Although microprocessors are used in the preferred illustrated embodiment, the processing may also be analog to digital, or may be mixed with digital processing if desirable. As used herein, the term logic circuit refers to any microprocessor control, analog control or mixed control.

The BSCU unit 56 receives a signal from a brake control device, such as a brake pedal 61 positioned in the cockpit, the signal corresponding to the deflection of the pedal, a target deceleration rate being derived from the pedal deflection. As described in more detail below, the BSCU 56 controls, based on the target deceleration rate, the brakes without the need to monitor the pressure or force applied by the brakes, or a position of the ram of the actuator, in order to decelerate the vehicle and / or the wheels according to the target deceleration speed. Referring now to Figure 4, a representative electromechanical actuator 57 and associated amplifier 16 are illustrated in more detail.

The brake actuator 57 includes an electric motor 63, a gear train 64 and a power ram 65 reciprocating. The brake actuator may be associated with an optional power ram position sensor 66 which provides feedback of the actuator position as described, and an optional force sensor 67 which provides data indicative of a force applied by the actuator. the brake actuator on the stack of brake disks. Even if such sensors are illustrated, it should be noted that they are not necessary for braking according to the present invention. Although not illustrated, the actuator 57 may also be associated with a motor tachometer for providing feedback on speed. In the absence of such pressure, force and velocity sensors, the open loop control may be provided to control the approximate pressure, position and / or velocity. Since the feedback loop of the present invention is closed based on vehicle deceleration, an open loop control is sufficient to control the position, pressure and speed of the various brake components.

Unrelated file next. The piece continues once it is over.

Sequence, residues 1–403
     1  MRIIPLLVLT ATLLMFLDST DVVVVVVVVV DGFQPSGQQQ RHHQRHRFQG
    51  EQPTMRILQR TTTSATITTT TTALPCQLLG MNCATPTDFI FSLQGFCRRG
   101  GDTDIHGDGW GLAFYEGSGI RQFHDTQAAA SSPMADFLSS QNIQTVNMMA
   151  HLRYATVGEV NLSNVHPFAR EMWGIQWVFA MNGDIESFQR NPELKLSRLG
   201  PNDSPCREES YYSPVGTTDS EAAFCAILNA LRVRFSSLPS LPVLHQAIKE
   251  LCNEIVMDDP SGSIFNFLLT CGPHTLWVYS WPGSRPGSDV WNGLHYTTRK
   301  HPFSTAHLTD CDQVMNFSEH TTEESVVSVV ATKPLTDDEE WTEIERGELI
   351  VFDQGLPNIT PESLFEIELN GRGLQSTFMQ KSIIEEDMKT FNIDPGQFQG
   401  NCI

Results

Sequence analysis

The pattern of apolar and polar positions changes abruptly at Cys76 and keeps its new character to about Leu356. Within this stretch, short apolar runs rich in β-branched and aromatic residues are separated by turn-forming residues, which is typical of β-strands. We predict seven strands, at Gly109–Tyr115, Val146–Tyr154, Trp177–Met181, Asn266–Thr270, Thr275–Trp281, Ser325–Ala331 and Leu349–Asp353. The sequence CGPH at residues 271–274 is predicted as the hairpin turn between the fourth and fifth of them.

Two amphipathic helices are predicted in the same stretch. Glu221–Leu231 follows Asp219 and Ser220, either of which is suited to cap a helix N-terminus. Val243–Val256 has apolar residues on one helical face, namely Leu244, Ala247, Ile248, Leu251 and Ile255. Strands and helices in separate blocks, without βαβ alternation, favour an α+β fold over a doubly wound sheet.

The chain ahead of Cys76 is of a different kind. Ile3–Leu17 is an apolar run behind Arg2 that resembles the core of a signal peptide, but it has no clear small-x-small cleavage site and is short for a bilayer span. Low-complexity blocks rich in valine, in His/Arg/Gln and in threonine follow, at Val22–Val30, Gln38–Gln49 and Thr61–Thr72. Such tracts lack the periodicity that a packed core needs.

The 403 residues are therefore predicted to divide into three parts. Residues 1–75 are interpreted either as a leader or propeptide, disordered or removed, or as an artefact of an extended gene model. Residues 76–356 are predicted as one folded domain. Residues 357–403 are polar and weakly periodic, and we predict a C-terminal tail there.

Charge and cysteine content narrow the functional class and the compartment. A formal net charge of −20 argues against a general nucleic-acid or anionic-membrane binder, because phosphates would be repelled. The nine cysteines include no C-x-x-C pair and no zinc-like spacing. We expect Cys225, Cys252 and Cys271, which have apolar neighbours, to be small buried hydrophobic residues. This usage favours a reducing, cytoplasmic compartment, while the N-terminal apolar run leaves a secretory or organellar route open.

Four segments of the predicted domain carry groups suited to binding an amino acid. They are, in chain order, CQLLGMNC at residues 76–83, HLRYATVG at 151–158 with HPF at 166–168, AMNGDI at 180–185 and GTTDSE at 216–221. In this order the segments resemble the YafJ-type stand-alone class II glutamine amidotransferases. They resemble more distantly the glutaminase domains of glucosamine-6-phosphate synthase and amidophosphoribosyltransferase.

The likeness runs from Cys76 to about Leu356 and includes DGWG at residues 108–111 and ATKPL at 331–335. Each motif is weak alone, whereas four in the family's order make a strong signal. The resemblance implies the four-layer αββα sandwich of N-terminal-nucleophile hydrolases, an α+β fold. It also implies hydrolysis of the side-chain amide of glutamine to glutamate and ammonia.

In one embodiment, one or more actuators corresponding to each brake are controlled by means of a pressure and / or open-loop position control. The amplifier 16 includes a controller 69 and a DC motor drive 70 with the associated control logic and the current control circuit. More particularly, the amplifier 16 may comprise a motor current control loop 72 (which receives a current reference signal from the output of the corresponding deceleration control loop 10) and a speed loop 73 ( can be used for protection in the event of an overspeed in the event of a pressure drop). The current control loop 72 can be compensated to obtain the desired performance in terms of bandwidth and to provide a uniform dynamic response of all the brake and actuator assemblies 18. Since the amplifier 16 can control the frame current of the motor and that the torque of a DC motor is proportional to the armature current, the output force of the actuator can be controlled with reasonable accuracy. The amplifier 16 may also optionally provide data relating to the position of the ram 74 and its force 75 (provided by optional sensors controlled in the braking system). As will be appreciated, the analog input signals may be replaced by digital input signals if a digital signal processor is used in the amplifier for controlling the actuator. The controlled current or the actual current supplied to each motor can be used as an indicator of the actual force applied by the brake and actuator assembly 18.